TAIPEI — Taiwan Semiconductor Manufacturing Co. (TSMC) expects demand for its 10nm products to soar this year while its largest customer, Apple, ramps up production of the iPhone X.
TSMC Co-CEO CC Wei
“We expect the N10 (TSMC’s designation for 10nm) to contribute about 10 percent of our full-year 2017 wafer revenue,” TSMC Co-CEO CC Wei said at an event in Taipei to announce the company’s third-quarter revenue. The outlook for the world’s biggest foundry has improved from three months ago, when the company said it expected 10nm sales to account for 10 percent of its second-half revenue.
Based on the latest forecast, TSMC would log $3.2 billion from sales of 10nm chips in 2017. The company started 10nm production in the second quarter of this year, lagging its largest foundry rival, Samsung, by about four months. TSMC has become the sole supplier of Apple’s application processors after snatching the business away from Samsung.
Some analysts had concerns about whether 10nm demand might plunge early next year, however.
“For the fourth quarter, 10nm will be about 25 percent of your total revenue,” Citigroup analyst Roland Shu said to the TSMC executives at the Taipei event. “With this high figure for the fourth quarter, are you worried about the first quarter of next year?”
Shu’s calculation “is quite close to the number we have,” Wei replied. “In smartphones, there is that seasonality. We don’t know the impact yet, but our customer is working on migration to the next node. That will ramp up in the second half of next year.”
TSMC said its annual sales growth should reach 8.8 percent in 2017, better than the company’s previous forecasts.
TSMC is increasing its capital expenditure budget for this year to $10.8 billion from an earlier forecast of $10 billion as the company accelerates its buildup of 7nm capacity. The company expects a fast ramp of 7nm in 2018. For the next few years, TSMC forecast its annual capex budget to be about $10 billion.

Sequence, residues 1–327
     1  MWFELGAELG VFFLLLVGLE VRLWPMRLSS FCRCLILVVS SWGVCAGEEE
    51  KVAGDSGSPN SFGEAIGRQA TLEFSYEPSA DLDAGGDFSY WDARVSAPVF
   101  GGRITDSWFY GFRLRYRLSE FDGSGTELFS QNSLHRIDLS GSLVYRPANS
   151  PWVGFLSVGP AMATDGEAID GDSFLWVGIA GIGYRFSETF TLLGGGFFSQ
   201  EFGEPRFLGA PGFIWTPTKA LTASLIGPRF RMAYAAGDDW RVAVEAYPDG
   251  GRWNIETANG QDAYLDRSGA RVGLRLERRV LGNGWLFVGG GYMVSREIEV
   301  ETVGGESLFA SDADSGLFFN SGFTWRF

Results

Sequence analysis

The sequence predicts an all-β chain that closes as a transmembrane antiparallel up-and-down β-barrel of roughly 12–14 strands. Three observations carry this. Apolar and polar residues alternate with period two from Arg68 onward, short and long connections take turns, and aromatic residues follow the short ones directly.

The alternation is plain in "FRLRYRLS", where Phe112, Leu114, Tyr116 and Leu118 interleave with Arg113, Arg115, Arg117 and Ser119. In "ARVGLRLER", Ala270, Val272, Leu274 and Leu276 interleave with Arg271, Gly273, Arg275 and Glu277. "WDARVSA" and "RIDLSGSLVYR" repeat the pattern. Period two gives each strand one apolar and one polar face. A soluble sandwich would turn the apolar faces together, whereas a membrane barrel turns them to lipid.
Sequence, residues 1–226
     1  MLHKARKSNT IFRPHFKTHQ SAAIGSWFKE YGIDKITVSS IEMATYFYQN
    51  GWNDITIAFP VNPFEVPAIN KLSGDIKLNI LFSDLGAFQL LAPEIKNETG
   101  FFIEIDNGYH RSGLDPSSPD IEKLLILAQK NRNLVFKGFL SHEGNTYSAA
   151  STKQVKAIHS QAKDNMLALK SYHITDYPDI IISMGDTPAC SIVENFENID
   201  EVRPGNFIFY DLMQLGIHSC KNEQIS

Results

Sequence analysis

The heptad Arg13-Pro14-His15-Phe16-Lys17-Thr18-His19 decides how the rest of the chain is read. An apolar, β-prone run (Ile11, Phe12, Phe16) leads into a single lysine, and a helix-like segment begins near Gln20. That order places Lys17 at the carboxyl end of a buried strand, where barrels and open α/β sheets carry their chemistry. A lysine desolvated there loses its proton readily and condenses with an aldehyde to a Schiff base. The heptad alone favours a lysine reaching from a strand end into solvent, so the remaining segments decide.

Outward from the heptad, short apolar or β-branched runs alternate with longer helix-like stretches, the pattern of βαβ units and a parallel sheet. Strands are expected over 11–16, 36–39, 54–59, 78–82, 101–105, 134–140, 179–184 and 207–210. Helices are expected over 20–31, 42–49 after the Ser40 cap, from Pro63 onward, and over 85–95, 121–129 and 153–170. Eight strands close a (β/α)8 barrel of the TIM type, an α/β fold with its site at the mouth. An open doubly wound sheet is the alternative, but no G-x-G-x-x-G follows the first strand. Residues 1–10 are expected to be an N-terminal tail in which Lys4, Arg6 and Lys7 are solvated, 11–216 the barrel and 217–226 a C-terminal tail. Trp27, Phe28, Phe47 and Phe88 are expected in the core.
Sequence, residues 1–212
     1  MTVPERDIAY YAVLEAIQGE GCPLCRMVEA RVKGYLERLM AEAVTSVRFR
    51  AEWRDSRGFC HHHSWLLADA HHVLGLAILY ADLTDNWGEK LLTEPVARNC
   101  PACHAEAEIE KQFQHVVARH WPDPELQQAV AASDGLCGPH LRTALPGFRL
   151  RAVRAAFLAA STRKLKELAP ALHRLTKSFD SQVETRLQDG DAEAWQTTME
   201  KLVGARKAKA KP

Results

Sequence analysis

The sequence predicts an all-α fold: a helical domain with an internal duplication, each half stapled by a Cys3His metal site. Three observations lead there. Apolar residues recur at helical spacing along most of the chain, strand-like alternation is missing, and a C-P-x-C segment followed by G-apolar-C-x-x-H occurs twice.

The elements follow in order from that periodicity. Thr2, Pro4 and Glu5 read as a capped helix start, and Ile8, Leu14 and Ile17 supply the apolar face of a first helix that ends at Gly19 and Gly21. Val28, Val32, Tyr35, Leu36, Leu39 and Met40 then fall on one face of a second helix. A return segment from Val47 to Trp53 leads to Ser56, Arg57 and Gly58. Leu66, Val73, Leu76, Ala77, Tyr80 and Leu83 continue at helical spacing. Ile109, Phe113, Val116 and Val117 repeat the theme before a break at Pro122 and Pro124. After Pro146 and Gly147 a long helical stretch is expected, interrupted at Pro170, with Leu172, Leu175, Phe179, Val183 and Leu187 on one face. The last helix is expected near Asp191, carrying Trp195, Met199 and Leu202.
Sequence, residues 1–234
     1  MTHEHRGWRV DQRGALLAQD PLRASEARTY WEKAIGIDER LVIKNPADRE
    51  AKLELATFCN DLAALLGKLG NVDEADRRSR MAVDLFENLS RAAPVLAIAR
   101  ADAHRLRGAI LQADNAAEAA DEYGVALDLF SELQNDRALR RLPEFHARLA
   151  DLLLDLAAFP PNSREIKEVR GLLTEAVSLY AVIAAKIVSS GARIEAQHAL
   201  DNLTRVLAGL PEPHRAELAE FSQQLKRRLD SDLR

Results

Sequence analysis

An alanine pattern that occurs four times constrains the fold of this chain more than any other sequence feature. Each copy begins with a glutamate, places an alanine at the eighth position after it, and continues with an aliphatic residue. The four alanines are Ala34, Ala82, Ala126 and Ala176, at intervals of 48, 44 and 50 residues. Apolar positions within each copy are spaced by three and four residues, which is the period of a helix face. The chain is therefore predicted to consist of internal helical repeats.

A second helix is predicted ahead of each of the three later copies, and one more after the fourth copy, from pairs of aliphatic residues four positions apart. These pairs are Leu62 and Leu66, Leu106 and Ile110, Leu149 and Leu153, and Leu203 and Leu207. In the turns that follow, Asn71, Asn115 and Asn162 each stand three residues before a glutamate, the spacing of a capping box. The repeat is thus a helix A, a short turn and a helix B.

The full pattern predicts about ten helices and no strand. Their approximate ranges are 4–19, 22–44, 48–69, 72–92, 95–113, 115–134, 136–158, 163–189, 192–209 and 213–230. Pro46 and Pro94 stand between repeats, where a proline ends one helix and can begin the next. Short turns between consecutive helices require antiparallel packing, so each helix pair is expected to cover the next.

The company has transferred 7nm from R&D to manufacturing. The first 7nm chips to be made during the first half of 2018 will be high-end application processors and SoCs for high-performance computing, according to Co-CEO Wei. The company expects more than 50 tapeouts at that node by the end of 2018, he said.
The company will also start risk production of its derivative N7+ during 2018. Compared with the earlier N7, the N7+ will have a 20 percent area reduction and a 10 percent speed improvement. The company will use EUV for production at the N7+ node, according to Wei.
That shift to EUV may present some difficulties for customers migrating from N7 to N7+.
“We are going to use a few layers of EUV in N7+,” Wei said. “If you are talking about the N7 product, customers will need to re-tapeout for the N7+ to get the benefits.”
A lot of the same design rules will be used in the N7 and the N7+, so customers will not need to spend all of their resources designing for a new node, he said.
The company said it is on track to start volume production of 5nm chips in 2020. Co-CEO Mark Liu pledged that the company’s 5nm products will have the best power efficiency in the industry.
In the meantime, the company continues to defend its approximate 90 percent share in the legacy 28nm node. About 23 percent of TSMC’s third-quarter revenue came from 28nm products, and the company had its highest number of tapeouts at that node during the period, according to Wei.
“We will continue to maintain our high market share in 28nm next year,” Wei predicted.
Looking ahead to new business areas, TSMC said it expects to double its automotive business in the next five years from about $1.5 billion this year. The company also noted that it had about $400 million in revenue from a chainblock application for cryptocurrency mining. TSMC said the customer designed its own “powerful” chip. While the business is relatively small, the company noted that it has grown rapidly.
—Alan Patterson covers the semiconductor industry for EE Times. He is based in Taiwan.